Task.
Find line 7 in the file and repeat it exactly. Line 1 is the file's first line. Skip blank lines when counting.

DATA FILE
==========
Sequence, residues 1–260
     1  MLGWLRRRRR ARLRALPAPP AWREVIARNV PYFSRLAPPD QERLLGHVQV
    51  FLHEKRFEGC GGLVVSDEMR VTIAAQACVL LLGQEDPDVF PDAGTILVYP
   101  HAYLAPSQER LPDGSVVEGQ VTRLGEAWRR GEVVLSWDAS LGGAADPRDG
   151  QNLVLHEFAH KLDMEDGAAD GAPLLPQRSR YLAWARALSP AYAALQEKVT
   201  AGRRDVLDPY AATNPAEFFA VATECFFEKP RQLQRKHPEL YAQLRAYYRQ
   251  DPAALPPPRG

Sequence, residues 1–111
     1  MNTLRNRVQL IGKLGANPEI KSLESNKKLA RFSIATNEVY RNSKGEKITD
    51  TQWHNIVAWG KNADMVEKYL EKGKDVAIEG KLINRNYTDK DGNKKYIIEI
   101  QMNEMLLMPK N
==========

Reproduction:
   251  DPAALPPPRG